BOOMERANG (Balloon Observations of Millimetric Extragalactic Radiation and Geophysics)

Responsable institution:  University of Rome, la Sapienza / California Institute of Technology
Principal Investigator:  Prof. Paolo de Bernardis / Dr. Andrew Lange

This telescope is the culmination of a great cooperative effort between Italian and American teams. It was designed to have the angular resolution and sensitivity necessary to measure the angular power spectrum of anisotropy in the cosmic microwave background at sub-degree scales, a region where there is a wealth of cosmological information.

The telescope consists of a 1.3m off-axis paraboloidal mirror feeding a pair of cold (1.5 K) ellipsoidal mirrors which reimage the prime focus onto an array of feed horns. These concentrate the incoming radiation onto bolometric detectors, cooled to 0.3 Kelvin by a helium refrigerator.

The pointing system consists of a pair of flywheels which torque the telescope against the flight train of the balloon. The rotation rate is adjusted via feedback from rate gyroscopes, a magnetometer, and tilt sensors. The telescope is fully pointable in azimuth, and can tip between 35 and 55 degrees in elevation. An on-board optical star-tracking camera allows accurate post-flight reconstruction of pointing.

Details of the balloon and launch operations

Launch site:Williams Field, McMurdo Station, Antarctica  
  Launch team: National Scientific Balloon Facility (NSBF)
Balloon: Long Duration Balloon Raven 29X - 1.000.000 m3 - SF3-29.47-.8/.8/.8-NA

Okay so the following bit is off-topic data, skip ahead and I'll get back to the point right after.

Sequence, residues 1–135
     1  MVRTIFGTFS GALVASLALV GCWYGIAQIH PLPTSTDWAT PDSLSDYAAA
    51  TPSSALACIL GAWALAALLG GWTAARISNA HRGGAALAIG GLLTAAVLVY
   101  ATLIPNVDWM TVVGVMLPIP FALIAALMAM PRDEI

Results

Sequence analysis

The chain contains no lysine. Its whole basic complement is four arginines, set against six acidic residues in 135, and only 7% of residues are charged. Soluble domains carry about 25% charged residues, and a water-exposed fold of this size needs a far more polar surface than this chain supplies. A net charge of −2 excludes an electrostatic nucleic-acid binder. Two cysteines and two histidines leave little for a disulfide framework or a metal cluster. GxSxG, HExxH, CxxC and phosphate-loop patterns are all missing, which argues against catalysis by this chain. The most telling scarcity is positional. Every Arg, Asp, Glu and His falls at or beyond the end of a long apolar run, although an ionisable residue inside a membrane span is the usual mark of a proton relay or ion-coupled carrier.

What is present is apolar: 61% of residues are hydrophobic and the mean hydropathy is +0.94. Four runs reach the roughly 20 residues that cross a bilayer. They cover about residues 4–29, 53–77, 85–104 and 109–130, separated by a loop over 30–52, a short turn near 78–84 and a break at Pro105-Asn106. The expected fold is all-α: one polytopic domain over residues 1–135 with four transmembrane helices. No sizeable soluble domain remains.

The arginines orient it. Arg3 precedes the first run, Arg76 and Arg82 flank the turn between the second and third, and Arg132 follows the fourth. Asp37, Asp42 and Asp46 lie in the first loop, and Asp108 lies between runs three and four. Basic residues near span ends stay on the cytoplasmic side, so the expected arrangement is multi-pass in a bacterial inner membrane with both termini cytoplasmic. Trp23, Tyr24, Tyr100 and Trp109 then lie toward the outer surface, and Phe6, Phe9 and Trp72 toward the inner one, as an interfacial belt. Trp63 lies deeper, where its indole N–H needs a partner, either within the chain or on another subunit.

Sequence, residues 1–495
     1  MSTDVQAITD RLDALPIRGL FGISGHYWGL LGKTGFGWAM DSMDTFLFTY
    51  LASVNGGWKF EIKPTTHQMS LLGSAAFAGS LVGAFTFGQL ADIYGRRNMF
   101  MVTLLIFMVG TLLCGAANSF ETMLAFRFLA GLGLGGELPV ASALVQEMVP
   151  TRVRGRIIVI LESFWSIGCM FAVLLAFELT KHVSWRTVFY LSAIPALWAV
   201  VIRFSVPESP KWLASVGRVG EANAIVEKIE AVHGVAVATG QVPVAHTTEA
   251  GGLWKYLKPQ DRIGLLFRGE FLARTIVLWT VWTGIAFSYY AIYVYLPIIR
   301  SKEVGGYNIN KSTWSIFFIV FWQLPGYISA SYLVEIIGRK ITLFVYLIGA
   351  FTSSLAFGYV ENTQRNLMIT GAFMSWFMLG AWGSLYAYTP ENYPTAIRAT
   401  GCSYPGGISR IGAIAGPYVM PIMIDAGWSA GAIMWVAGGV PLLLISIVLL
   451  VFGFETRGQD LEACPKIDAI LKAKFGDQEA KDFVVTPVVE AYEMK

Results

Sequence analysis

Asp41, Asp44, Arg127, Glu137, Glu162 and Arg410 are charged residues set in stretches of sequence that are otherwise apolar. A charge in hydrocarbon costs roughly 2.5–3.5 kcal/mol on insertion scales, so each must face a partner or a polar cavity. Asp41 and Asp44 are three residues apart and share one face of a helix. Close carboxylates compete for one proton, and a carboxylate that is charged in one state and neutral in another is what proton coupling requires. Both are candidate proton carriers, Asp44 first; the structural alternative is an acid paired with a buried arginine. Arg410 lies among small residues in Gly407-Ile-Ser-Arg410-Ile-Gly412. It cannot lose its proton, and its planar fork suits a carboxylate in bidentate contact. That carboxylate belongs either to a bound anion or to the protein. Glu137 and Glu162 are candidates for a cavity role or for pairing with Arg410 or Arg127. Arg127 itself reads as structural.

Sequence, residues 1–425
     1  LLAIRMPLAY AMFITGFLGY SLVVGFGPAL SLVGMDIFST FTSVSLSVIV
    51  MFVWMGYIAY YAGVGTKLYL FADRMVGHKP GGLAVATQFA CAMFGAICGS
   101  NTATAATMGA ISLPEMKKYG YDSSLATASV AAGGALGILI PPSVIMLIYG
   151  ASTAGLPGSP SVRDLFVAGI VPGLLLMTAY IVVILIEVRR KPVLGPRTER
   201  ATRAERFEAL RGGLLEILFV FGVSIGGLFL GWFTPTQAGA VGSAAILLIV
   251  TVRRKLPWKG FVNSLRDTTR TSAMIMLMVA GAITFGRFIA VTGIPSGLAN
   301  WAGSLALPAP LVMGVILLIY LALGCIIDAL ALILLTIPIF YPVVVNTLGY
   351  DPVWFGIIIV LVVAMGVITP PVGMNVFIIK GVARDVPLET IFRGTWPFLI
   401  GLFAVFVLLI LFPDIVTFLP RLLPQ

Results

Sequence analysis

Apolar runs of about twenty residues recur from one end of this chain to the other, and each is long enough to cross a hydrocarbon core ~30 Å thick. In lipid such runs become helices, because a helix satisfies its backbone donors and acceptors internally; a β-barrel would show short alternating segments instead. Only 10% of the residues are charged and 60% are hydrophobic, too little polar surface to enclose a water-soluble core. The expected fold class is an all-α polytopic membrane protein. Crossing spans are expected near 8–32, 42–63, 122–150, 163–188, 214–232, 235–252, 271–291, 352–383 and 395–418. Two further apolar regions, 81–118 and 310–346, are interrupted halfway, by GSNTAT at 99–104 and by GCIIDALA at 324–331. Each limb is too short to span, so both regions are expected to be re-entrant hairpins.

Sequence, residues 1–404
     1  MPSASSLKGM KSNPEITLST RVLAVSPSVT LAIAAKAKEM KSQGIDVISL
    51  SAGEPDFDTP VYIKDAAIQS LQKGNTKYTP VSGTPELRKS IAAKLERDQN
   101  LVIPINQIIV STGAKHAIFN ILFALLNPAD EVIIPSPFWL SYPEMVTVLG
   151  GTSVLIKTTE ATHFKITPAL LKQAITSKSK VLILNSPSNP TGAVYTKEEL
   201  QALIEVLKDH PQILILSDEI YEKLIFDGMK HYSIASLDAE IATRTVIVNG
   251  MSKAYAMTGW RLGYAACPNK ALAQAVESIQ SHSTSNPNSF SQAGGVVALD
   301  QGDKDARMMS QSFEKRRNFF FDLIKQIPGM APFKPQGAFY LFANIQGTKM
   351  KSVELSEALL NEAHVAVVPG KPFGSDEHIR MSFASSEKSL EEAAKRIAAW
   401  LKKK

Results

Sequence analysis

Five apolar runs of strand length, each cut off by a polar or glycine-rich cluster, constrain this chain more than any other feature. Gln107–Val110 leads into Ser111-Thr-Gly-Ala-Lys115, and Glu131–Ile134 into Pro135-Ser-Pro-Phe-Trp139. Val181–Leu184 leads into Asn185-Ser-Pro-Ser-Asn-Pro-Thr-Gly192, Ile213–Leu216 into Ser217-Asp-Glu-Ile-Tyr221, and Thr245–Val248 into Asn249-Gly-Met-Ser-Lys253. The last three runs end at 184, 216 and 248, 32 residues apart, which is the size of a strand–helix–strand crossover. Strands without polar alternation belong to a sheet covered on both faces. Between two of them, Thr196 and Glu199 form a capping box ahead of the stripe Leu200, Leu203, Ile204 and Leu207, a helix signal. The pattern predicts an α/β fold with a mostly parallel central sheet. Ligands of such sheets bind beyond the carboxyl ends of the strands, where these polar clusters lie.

Serial number: W29.47-2X-59
Flight identification number: 516N
Campaign: - 
Payload weight: 3650 lbs
Gondola weight: -
Overall weight: 4753 lbs

The balloon was launched from Williams Field by dynamic method assisted by launch vehicle in the morning on January 6th, 2003.

Just before launch, the ground winds picked up and caused the balloon to toss around quite a bit when it was released but no damage to the balloon or gondola was detected.

After a initial ascent nominal phase, the balloon achieved float altitude near 130.000 feet and started an anti-clockwise route around the south pole (click on the image at left to see a map with the flight path). On January 11th the balloon experienced a drop of altitude, by unknown reasons (it could be that we are caught in some unusually cold air, or perhaps developed a small leak) so all the remaining ballast was released, achieving soon float altitude again but soon strated to slowly drop again.

Decision was made to terminate the flight on January 17th, sending a LC-130 aircraft but a sudden Search and Rescue Mission to retrieve the personnel of a downed helicopter that halted the base's activities prevented to do so. Then several cancellations and a storm prevented the termination flight so was decided to send the cout-down command by satellite to prevent that the balloon drift to remote areas of the Antarctic Plateau.

The termination was achieved in the evening on January 21th, and on the next day the payload was located. On January 27h a rescue team landed near the payload and recovered the presurissed vessel containing the scientific data.

This long duration flight was the second to be acomplished in the Antarctic, very useful scientific data was obtained.

External references and bibliographical sources